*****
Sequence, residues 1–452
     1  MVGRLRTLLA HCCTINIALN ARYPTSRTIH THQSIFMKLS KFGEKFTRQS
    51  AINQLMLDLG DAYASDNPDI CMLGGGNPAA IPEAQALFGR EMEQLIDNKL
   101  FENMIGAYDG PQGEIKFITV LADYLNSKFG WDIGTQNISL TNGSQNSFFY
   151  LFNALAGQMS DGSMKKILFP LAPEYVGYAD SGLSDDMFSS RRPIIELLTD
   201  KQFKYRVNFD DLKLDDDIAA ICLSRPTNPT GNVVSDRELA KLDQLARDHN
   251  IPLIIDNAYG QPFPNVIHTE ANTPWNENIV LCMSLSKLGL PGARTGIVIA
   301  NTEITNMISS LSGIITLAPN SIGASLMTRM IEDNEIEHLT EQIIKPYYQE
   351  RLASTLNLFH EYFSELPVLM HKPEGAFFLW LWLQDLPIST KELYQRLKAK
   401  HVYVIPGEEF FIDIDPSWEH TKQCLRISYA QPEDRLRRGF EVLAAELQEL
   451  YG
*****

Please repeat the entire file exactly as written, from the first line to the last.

Sequence, residues 1–452
     1  MVGRLRTLLA HCCTINIALN ARYPTSRTIH THQSIFMKLS KFGEKFTRQS
    51  AINQLMLDLG DAYASDNPDI CMLGGGNPAA IPEAQALFGR EMEQLIDNKL
   101  FENMIGAYDG PQGEIKFITV LADYLNSKFG WDIGTQNISL TNGSQNSFFY
   151  LFNALAGQMS DGSMKKILFP LAPEYVGYAD SGLSDDMFSS RRPIIELLTD
   201  KQFKYRVNFD DLKLDDDIAA ICLSRPTNPT GNVVSDRELA KLDQLARDHN
   251  IPLIIDNAYG QPFPNVIHTE ANTPWNENIV LCMSLSKLGL PGARTGIVIA
   301  NTEITNMISS LSGIITLAPN SIGASLMTRM IEDNEIEHLT EQIIKPYYQE
   351  RLASTLNLFH EYFSELPVLM HKPEGAFFLW LWLQDLPIST KELYQRLKAK
   401  HVYVIPGEEF FIDIDPSWEH TKQCLRISYA QPEDRLRRGF EVLAAELQEL
   451  YG